Women on boards

audreybirtAudrey Birt has extensive experience of leading organisations as well as working with leaders and top teams as a coach and consultant. She is particularly valued for her work developing authentic leaders as well as in service improvement and person centred health and care.

I admit to a rather conflicted position on this subject. Just over a year ago now I left my executive director position with Breakthrough Breast Cancer to set up on my own as an Independent Coach and Consultant, with a particular interest in authentic leaders and organisations as well as a deep passion for improving health and social care. So far so good. I sought a portfolio career which allowed me to focus on the things I am passionate about, and that’s what I’m delighted to be doing. I’m on three boards, one of which I chair. I find this hugely satisfying work where I’m contributing to the organisations impact and effectiveness and I’m rightly proud of that.

Where’s the conflict in that I hear you ask? It’s voluntary work you see and as such I’m wondering if you think that still counts. Sadly for my bank balance it’s not the kind of non- executive position that carries a tidy recompense or an expense account. It does use my skills and experience however and provides both challenge and interest, broadens my network and perspective and satisfies that part of me that loves meeting and working with new people. But its not my day job really, even if it enhances it. As someone whose career has partly been in the voluntary sector it’s no coincidence that’s where I want to give my own time. I’m delighted I can bring my leadership, coaching and consultancy experience to charities on their boards because frankly if they relied on my baking to help them, they would be in trouble!

I love my work as a coach and consultant and I haven’t been seeking paid board work because whenever I think of it my heart just doesn’t sing. You see I tend to think of the board room not as a room I want to be part of but rather as a very traditional hierarchical institutional function where mostly men in grey suits follow repetitive predetermined agendas, pontificate, chase decisions around the table and make often uninformed and non-inclusive decisions. I’m reluctant to invest my precious time in that approach, which I fear no longer serves our time and keeps decision making in the hands of the few.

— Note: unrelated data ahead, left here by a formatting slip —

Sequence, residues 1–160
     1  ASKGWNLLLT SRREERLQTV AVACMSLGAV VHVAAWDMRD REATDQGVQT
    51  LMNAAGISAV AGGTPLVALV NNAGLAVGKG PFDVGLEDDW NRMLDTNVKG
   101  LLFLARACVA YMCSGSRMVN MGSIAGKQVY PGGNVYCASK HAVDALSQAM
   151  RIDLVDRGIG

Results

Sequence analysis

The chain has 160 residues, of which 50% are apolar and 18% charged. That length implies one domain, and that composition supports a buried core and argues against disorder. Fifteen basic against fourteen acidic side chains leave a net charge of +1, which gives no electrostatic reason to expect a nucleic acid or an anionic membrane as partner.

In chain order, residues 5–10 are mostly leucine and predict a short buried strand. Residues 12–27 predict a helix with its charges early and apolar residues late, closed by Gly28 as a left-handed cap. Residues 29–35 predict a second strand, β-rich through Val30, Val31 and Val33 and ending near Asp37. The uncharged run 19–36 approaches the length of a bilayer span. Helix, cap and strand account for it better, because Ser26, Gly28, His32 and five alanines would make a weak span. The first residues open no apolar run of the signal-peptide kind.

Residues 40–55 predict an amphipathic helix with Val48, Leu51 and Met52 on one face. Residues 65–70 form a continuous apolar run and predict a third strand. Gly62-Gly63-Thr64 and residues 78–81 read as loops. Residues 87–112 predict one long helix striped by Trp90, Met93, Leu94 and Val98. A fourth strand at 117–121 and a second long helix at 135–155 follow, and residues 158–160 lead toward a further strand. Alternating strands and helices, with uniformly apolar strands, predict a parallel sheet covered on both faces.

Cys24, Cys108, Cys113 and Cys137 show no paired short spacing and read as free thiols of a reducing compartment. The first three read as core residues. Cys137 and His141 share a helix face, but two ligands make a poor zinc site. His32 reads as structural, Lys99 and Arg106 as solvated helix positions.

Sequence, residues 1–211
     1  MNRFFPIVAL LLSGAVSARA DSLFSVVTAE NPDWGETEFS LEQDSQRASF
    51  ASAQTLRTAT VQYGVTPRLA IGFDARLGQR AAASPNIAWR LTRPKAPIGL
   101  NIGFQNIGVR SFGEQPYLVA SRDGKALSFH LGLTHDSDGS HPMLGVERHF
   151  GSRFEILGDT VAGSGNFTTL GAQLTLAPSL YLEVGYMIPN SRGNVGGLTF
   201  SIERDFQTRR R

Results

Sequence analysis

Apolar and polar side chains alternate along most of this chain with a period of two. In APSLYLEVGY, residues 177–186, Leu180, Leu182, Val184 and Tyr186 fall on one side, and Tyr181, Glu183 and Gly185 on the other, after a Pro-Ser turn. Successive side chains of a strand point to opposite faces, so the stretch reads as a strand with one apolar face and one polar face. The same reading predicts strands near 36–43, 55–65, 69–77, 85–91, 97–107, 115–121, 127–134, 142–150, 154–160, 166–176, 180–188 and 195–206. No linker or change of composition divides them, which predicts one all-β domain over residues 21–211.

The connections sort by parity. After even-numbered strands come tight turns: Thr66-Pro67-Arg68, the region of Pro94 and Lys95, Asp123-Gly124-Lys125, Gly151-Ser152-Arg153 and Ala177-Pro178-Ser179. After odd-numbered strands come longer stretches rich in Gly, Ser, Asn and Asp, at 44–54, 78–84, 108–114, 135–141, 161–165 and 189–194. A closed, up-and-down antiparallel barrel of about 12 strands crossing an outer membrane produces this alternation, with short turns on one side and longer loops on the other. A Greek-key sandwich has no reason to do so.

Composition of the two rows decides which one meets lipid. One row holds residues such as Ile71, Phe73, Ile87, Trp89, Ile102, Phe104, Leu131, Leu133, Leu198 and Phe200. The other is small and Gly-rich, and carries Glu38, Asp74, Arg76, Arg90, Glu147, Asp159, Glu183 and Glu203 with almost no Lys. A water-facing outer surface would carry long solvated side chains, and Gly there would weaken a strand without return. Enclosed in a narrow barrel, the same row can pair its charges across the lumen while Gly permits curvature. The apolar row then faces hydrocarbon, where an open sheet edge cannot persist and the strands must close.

Now of course in principle I want to see more women in board rooms making decisions and I even believe in quotas to enable that. Unless we have something like quotas the existing paradigm will inevitably recreate itself. BUT I realise I want more than that. I want women’s involvement not just to improve diversity and equitable representation of the workforce and community but to enable fresh ways of working. I want women on boards (and men too) to lead the way on more distributive leadership, as leaders who listen not tell, as leaders who enable the potential in all their workforce not just the fortunate few at the top. I want leaders who seek self-awareness rather than power. My experience is that plays to the strengths women often bring and the female leaders of today have a responsibility to leaders of both sexes to promote this kind of leadership in all for future generations.

Now that makes my heart sing…

Audrey Birt is a member of the3rdimagazine. You can learn more about Audrey here.

1 Comment on Women on boards

  1. Anne Casey // March 5, 2014 at 8:10 pm // Reply

    Good to have a different perspective Audrey and to remind us all that while paid board work is useful for many, it is not what it is all about.

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